How are legumes like sperm? They contain the same anti-cancer and anti-aging elixir.
July 2016 update: A new study in mice and 19 men by longevity researcher Luigi Fontana found that restricting daily protein to 7 to 9 percent of calories improved their metabolic health.
Legumes–beans, peas and lentils — are the #1 key to longevity, says Dan Buettner, the bestselling author who’s been studying the world’s Blue Zones, those pockets of the world (Mediterranean, Japan, California, Costa Rica) where people eating plant-based diets with legumes as their main source of protein are outliving us all.
How might legumes fuel longevity? Could some be more “nutritarian” than others? How much protein should you be eating anyway? And must it be all plants all the time? Continue reading →
Two authors of a 2012 paper sponsored by a company that made grand claims about green coffee bean abstract’s abilities to help people lose weight have retracted it. The study was cited by The Dr. Oz Show, and last month it cost the company a $3.5 million settlement with the Feds.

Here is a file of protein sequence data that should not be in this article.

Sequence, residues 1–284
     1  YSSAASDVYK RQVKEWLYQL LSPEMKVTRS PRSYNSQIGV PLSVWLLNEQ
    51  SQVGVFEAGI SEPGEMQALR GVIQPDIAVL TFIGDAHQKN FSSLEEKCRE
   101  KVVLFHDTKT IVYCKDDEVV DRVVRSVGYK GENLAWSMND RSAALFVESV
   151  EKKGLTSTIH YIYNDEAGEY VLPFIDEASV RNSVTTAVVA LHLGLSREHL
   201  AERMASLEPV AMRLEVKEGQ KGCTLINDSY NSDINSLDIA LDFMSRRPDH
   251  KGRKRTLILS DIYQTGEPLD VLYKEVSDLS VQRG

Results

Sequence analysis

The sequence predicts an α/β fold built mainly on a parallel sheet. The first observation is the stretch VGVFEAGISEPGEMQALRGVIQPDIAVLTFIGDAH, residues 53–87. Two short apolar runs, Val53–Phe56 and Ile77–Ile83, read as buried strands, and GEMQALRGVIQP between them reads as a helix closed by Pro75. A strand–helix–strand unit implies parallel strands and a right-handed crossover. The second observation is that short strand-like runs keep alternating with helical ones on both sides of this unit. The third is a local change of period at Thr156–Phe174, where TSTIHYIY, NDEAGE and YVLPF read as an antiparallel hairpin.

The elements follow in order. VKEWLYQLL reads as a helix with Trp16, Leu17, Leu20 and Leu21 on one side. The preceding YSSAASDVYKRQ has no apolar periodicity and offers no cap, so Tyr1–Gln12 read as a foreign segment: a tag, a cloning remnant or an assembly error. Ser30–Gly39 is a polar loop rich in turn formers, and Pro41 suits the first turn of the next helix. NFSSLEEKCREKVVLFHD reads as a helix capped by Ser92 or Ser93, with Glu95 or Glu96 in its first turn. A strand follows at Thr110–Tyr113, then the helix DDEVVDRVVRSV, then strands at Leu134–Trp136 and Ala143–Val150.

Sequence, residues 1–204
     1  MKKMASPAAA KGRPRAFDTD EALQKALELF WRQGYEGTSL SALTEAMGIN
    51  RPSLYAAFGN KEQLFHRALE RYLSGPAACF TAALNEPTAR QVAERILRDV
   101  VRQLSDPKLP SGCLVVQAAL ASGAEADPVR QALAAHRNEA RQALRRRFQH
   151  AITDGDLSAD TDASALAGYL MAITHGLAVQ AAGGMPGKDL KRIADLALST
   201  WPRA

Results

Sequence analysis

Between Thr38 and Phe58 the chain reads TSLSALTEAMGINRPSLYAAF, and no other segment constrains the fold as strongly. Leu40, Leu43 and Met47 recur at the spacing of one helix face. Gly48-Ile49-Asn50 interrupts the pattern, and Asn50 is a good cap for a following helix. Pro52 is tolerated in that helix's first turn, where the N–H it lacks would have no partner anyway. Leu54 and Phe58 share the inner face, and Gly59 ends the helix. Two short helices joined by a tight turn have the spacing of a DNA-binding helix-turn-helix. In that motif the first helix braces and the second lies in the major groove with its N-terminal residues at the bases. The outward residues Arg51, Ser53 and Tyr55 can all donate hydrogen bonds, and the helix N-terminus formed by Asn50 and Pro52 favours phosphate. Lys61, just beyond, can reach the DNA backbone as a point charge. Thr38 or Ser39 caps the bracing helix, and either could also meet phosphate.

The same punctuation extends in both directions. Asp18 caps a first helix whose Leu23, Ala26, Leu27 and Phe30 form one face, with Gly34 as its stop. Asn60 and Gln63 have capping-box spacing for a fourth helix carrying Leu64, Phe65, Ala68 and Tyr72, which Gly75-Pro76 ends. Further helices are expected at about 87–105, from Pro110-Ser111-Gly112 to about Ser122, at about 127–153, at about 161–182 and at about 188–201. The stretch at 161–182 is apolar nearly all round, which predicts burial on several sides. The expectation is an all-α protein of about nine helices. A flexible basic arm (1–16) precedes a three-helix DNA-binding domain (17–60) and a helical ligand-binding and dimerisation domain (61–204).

Here’s the notice for “Randomized, double-blind, placebo-controlled, linear dose, crossover study to evaluate the efficacy and safety of a green coffee bean extract in overweight subjects,” a paper originally published in Diabetes, Metabolic Syndrome and Obesity: Targets and Therapy:
Dear readers: Over the coming weeks, I will attempt to get reaction from various researchers on the soy findings. Stay tuned, talk with your doctor and do what feels right for you. Nobody needs anxiety.
Beans are not just good for your heart, as the saying goes. Their high-fiber content helps control your blood sugar and moves foods through your gut, binding carcinogens on the way. That makes them good for preventing other chronic conditions, including diabetes and cancer.